Urban House Price Growth Reaches Three-Year High


Australian house prices have made a notable increase in the past six months according to Knight Frank's Global Residential Cities Index for Q1 2017.

The Index tracked the performance of mainstream house prices across 150 cities worldwide and found a global increase of 6.9% on average in the year to March 2017 - figure only reached previously in the final quarter of 2013.

Knight Frank Head of Australian Residential Research Michelle Ciesielski said the first quarter of 2017 saw an uptick in Australian property prices, with active buyers in Sydney and Melbourne after a slower end to 2016.

"Hobart prices strengthened for the second quarter, stimulated by those priced out of these heated East Coast cities," she said.

“Four Australian cities have reappeared in the top 50 of our global index in Q1 2017. There were no Australian cities in the top 50 six months ago, when prices started to move towards a more sustainable level of growth.


“The index clearly represents the different pace of property growth around Australia with three in the bottom 50 and this was acknowledged by the Reserve Bank of Australia earlier this week when interest rates remained unchanged by the Board for the tenth consecutive month," Ms Ciesielski said.

Australia’s highest ranking city was Sydney in 23rd position with 14.4% annual growth in Q1 2017.

Although by the end of May 2017, Sydney annual median capital house values shifted back to 10.8%.

Melbourne followed in 24th position with 13.4% annual growth, although falling to 11.1% in May 2017.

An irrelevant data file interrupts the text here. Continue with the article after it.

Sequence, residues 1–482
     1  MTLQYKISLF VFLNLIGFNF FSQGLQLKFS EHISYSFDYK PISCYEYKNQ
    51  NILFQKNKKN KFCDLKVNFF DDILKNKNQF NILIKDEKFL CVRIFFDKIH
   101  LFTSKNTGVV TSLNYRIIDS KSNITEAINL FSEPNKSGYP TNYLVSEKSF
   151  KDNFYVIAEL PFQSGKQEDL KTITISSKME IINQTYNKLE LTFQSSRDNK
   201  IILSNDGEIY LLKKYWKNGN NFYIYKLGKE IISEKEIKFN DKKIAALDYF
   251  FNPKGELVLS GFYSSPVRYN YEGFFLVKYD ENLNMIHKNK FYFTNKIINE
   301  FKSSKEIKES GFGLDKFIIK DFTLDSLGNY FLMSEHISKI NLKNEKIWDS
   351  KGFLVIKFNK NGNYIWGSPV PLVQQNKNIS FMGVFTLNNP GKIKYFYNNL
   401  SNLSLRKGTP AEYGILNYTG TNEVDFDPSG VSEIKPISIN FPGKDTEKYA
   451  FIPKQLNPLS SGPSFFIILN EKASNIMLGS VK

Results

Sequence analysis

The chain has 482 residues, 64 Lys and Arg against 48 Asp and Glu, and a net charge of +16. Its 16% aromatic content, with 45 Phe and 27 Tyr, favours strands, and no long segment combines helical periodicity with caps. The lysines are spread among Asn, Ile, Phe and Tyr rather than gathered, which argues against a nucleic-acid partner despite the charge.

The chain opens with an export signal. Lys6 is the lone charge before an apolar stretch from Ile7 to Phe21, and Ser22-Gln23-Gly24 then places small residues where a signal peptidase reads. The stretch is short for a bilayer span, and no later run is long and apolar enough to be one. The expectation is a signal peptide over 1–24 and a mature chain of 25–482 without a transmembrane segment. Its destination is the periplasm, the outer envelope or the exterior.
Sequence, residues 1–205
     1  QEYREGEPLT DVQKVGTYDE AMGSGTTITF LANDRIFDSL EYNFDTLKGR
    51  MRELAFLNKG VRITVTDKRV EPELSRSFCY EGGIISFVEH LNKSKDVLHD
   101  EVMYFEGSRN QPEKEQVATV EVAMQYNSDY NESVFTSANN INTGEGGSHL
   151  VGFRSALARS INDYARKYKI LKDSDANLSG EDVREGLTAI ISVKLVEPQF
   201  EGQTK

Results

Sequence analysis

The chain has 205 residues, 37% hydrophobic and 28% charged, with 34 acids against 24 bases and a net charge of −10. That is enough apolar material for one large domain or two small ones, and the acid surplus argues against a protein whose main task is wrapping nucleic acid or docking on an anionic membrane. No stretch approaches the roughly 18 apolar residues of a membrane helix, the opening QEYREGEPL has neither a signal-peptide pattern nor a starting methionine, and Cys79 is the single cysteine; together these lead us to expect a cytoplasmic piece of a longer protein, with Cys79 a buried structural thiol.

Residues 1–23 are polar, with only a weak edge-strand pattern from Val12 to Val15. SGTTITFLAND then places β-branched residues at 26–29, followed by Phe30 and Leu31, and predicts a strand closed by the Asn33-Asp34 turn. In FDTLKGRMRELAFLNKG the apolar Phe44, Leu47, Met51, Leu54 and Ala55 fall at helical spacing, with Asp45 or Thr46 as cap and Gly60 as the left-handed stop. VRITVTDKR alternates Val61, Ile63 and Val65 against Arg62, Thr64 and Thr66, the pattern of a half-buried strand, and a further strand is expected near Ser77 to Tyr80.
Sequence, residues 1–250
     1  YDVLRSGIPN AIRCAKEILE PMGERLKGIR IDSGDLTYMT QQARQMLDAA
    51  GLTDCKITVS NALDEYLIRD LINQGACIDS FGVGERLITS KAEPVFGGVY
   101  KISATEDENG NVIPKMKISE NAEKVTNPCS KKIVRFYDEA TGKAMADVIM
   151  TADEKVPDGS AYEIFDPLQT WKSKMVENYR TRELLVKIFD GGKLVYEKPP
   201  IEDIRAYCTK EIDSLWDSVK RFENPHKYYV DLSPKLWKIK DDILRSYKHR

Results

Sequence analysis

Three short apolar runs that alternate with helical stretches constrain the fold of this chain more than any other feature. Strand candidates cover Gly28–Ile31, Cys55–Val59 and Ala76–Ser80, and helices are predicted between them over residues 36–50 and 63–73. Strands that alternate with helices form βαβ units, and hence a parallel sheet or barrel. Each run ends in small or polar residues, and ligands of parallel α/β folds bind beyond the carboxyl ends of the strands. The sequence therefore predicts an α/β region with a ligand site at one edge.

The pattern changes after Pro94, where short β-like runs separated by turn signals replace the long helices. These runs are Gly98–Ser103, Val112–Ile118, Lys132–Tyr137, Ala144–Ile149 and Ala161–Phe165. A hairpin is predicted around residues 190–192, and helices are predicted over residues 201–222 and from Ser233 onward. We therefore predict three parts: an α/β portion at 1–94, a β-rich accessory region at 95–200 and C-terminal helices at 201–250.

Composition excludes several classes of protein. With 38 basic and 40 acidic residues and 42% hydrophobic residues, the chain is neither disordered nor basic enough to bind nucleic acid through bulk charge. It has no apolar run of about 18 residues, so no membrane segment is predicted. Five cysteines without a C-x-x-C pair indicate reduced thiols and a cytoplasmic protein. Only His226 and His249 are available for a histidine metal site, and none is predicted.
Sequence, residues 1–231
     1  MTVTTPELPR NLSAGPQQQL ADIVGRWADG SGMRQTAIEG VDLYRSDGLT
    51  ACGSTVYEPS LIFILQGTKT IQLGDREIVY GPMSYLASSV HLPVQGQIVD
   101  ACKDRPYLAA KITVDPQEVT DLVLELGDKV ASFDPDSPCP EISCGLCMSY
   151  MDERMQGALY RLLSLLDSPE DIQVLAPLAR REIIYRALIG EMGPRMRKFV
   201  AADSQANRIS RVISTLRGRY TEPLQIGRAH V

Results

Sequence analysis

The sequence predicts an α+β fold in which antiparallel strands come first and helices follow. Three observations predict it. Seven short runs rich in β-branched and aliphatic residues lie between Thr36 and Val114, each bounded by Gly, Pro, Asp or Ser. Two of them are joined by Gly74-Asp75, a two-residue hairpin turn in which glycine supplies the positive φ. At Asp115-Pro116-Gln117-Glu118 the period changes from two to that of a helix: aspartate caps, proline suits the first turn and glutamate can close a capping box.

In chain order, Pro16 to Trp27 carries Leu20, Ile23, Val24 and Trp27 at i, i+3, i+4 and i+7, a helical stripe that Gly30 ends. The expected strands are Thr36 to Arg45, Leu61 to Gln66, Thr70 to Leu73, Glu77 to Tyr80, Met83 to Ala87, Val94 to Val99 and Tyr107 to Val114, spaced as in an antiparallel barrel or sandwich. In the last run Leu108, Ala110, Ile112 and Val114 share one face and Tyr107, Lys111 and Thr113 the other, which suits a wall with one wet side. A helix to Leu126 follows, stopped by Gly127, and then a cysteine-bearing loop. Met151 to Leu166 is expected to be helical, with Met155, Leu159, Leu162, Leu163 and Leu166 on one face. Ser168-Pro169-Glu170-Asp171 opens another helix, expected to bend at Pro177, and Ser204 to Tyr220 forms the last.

“Given the annual volume of house sales across Australian capital cities was collectively down 1.3% and apartment sales were only up 2.6% over the year ending May 2017, it’s likely the positive capital growth experienced over recent years will not be as strong for the second half of 2017 and into 2018," Ms Ciesielski said.

“Many factors are influencing how the residential market performance is played out over the coming months.

"Many states have ramped up incentives to encourage more first home buyers into the market, lenders have increased mortgage rates for investor and interest-only loans, stamp duty concessions have been removed for off-the-plan purchases in Victoria and steep surcharges and fees have been imposed on foreign buyers, most recently announced in South Australia."The report also revealed that Chinese cities still dominate the top rankings, but first-tier cities such as Beijing and Shanghai shifted downwards.

Toronto (24.8%), home to a new foreign buyer tax, hinted at mirroring Vancouver (12.2%) in seeing its rate of growth moderate in coming months.

Of the 150 cities tracked, 123 (82%) recorded positive annual price growth and 40 of these recorded double-digit rises.

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